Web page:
Lloyd Austin has received US Senate confirmation to become the nation’s first black secretary of defence.
The 93-2 vote gave President Joe Biden his second Cabinet member.
Avril Haines was confirmed on Wednesday as the first woman to serve as director of national intelligence.
Mr Biden is expected to win approval for others on his national security team in coming days, including Antony Blinken as secretary of state.
The president is looking for Mr Austin to restore stability in the Pentagon, which went through two Senate-confirmed secretaries of defence and four who held the post on an interim basis during the Trump administration.
The only senators who voted against Mr Austin were Republicans Mike Lee of Utah and Josh Hawley of Missouri.
Before heading to the Pentagon, Mr Austin wrote on Twitter that he is especially proud to be the first black secretary of defence.
It’s an honor and a privilege to serve as our country’s 28th Secretary of Defense, and I’m especially proud to be the first African American to hold the position. Let’s get to work. pic.twitter.com/qPAzVRxz9L
— Lloyd Austin (@LloydAustin) January 22, 2021
“Let’s get to work,” he wrote.
Mr Austin’s confirmation was complicated by his status as a recently retired general.
He required a waiver of a legal prohibition on a military officer serving as secretary of defence within seven years of retirement.
Mr Austin retired in 2016 after serving as the first black general to head US Central Command.
He was the first black vice chief of staff of the Army in 2012 and also served as director of the Joint Staff, a behind-the-scenes job that gave him an intimate view of the Pentagon’s inner workings.
The House and the Senate approved the waiver on Thursday, clearing the way for the Senate confirmation vote.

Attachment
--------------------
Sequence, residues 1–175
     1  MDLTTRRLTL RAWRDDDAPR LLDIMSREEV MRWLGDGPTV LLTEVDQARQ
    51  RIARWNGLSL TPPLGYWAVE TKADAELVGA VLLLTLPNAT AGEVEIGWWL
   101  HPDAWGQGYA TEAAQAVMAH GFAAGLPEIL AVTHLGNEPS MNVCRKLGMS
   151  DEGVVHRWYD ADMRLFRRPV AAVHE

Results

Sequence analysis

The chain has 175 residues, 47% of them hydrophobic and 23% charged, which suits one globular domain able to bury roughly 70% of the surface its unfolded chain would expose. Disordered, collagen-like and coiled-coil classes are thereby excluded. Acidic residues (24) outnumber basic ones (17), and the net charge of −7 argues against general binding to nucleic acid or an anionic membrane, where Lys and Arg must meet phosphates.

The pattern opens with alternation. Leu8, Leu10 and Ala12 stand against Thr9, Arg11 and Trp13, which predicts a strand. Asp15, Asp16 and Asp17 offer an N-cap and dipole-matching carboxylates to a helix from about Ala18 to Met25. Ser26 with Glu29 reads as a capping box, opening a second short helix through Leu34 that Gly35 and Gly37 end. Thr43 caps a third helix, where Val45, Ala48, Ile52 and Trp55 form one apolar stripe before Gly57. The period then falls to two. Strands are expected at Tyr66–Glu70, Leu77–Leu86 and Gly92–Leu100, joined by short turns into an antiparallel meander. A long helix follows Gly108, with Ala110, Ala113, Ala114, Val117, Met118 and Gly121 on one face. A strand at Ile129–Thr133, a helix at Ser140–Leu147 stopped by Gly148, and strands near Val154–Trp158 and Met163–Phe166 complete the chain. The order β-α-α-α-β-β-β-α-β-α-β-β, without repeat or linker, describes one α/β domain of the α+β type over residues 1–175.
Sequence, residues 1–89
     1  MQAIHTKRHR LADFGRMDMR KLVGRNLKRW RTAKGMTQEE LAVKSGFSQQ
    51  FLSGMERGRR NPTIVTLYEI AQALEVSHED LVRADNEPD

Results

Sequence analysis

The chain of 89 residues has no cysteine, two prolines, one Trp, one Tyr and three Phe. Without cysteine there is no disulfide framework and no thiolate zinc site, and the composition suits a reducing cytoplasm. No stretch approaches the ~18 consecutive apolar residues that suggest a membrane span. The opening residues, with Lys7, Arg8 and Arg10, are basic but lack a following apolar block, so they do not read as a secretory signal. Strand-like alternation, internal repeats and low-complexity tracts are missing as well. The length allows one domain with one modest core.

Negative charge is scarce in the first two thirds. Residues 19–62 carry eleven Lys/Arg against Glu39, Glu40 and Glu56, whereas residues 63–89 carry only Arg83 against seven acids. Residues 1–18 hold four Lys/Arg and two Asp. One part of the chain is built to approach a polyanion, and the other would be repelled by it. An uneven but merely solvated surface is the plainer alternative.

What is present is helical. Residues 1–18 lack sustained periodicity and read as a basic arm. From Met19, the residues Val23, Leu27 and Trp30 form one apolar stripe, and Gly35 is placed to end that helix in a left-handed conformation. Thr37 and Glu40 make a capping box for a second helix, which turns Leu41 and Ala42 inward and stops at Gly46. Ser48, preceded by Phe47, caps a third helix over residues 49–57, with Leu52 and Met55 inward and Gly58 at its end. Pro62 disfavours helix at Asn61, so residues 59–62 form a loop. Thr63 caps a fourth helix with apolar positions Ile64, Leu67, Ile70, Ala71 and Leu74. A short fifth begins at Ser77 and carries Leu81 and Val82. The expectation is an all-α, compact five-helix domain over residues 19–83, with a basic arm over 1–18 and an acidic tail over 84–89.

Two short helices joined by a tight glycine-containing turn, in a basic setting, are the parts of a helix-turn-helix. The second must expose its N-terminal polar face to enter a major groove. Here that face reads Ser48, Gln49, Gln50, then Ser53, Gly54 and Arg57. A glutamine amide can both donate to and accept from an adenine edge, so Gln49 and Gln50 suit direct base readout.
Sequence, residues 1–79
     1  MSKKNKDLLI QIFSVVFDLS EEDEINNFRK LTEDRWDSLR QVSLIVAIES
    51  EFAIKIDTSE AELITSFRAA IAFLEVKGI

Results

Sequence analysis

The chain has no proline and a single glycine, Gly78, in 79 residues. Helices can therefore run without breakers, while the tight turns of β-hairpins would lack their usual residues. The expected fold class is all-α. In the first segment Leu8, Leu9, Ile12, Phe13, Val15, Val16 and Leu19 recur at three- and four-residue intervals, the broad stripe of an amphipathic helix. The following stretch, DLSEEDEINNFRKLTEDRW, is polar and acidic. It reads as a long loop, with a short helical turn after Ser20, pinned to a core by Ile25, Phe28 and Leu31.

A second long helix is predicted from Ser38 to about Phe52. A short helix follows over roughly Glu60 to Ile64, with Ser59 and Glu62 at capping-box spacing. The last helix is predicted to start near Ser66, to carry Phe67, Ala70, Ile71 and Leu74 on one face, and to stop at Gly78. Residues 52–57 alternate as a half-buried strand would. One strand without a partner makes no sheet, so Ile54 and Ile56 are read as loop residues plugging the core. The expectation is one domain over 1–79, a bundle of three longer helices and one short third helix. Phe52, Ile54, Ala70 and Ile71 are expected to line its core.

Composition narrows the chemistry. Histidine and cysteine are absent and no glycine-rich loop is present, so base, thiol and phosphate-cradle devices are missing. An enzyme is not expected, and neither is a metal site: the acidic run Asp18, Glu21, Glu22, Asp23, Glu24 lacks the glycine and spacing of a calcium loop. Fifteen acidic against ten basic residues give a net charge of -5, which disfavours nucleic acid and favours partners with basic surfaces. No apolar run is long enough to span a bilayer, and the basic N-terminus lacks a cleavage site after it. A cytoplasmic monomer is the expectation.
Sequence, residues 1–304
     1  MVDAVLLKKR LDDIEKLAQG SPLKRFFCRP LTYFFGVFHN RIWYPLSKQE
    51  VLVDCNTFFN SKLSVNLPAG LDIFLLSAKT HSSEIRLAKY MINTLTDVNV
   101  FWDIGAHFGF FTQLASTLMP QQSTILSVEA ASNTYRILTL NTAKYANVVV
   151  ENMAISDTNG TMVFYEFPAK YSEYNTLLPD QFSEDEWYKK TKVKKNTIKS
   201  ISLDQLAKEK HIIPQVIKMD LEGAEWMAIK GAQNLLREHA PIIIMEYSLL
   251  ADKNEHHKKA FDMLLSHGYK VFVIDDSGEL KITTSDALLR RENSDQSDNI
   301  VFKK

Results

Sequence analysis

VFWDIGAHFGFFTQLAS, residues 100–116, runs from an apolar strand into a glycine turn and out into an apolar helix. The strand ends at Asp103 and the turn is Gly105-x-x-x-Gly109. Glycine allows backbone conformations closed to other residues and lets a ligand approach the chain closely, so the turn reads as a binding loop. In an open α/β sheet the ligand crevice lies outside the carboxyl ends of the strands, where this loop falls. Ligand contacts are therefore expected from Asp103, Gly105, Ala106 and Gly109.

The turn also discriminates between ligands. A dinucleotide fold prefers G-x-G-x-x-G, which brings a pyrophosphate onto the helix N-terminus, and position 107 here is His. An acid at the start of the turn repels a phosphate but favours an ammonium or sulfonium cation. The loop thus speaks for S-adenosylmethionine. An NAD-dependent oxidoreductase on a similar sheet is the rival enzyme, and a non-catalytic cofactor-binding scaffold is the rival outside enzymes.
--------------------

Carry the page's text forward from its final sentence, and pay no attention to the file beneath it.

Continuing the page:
Mr Austin, a large man with a booming voice and a tendency to shy from publicity, describes himself as the son of a postal worker and a homemaker from Thomasville, Georgia. He has promised to speak his mind to Congress and to Mr Biden.
At his confirmation hearing on Tuesday, Mr Austin said he had not sought the nomination but was ready to lead the Pentagon without clinging to his military status and with full awareness that being a political appointee and Cabinet member requires “a different perspective and unique duties from a career in uniform”.
As vice president, Mr Biden worked closely with Mr Austin in 2010-11 to wind down US military involvement in Iraq while Mr Austin was the top US commander in Baghdad.
American forces withdrew entirely, only to return in 2014 after the so-called Islamic State extremist group captured large swathes of Iraqi territory.
At Central Command, Mr Austin was a key architect of the strategy to defeat IS in Iraq and Syria.
Mr Biden said in December when he announced Mr Austin as his nominee that he considered him “the person we need at this moment,” and that he trusts him to ensure civilian control of the military.